What Do YOU Think?

I’m interested in getting your thoughts about stuff I see and hear, quotes I read, stuff that passes as knowledge – and starting an authorey conversation.



So true. Enthusiasm and motivation are fleeting at times, so understand their importance.

What are YOUR thoughts on this idea?


Published by Dan Alatorre AUTHOR

International bestselling author Dan Alatorre has 17 titles published in over a dozen languages. From Romance in Poggibonsi to action and adventure in the sci-fi thriller The Navigators, to comedies like Night Of The Colonoscopy: A Horror Story (Sort Of) and the heartwarming and humorous anecdotes about parenting in the popular Savvy Stories series, his knack for surprising audiences and making you laugh or cry - or hang onto the edge of your seat - has been enjoyed by audiences around the world. And you are guaranteed to get a page turner every time. “That’s my style,” Dan says. “Grab you on page one and then send you on a roller coaster ride, regardless of the story or genre.” Readers agree, making his string of #1 bestsellers popular across the globe. He will make you chuckle or shed tears, sometimes on the same page. His novels always contain twists and turns, and his nonfiction will stay in your heart forever. Dan resides in the Tampa area with his wife and daughter. You can find him blogging away almost every day on www.DanAlatorre or watch his hilarious YouTube show every week Writers Off Task With Friends. Dan’s marketing book 25 eBook Marketing Tips You Wish You Knew has been a valuable tool for new authors (it’s free if you subscribe to his newsletter) and his dedication to helping other authors is evident in his helpful blog.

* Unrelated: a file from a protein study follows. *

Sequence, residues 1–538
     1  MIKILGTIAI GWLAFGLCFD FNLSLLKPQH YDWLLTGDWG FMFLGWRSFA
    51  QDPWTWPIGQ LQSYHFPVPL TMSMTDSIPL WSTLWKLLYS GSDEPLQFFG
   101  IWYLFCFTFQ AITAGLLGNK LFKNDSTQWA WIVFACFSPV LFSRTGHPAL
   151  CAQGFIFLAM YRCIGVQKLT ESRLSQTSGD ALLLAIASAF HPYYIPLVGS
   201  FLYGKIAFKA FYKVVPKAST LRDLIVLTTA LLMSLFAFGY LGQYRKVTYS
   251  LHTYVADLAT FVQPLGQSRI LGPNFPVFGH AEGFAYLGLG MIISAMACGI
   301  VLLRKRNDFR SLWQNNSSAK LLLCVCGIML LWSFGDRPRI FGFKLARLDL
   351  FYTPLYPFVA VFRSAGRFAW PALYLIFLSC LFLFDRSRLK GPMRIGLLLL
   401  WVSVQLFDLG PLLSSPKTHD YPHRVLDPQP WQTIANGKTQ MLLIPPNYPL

25 thoughts on “What Do YOU Think?

          1. You may have to be smart, but affect doesn’t effect genius. People half assedly fall into greatness all the time…and great things happen under their noses.

            Penicillin and Viagra were discovered by luck.

            1. Well, kinda. They were working hard on another drug – one that would help people who were bedridden, I think, and noticed the drugs they gave them for better blood circulation had an additional side effect. So it was seizing the opportunity that resulted from hard work in another vein that created the “lucky” situation, and then they had to be smart enough to see a benefit to somebody else for needing erections from a pill. Probably seems obvious in retrospect, but at the time I’m sure half the researchers were embarrassed about that result and weren’t thinking about where they could sell such a pill.

              I think penicillin was kinda similar, seeing a result from a test when they were looking at something else.

              Either way, I agree: the people involved had to be smart to be in the circumstance in the first place.

            2. As was shampoo – which was supposed to be a cure for baldness and corn flakes – which was a desperate attempt to salvage an otherwise culinary disaster.

  1. I think I want to think on it a minute, and get back with you, but it’s been reblogged on campbellsworld.wordpress.com/

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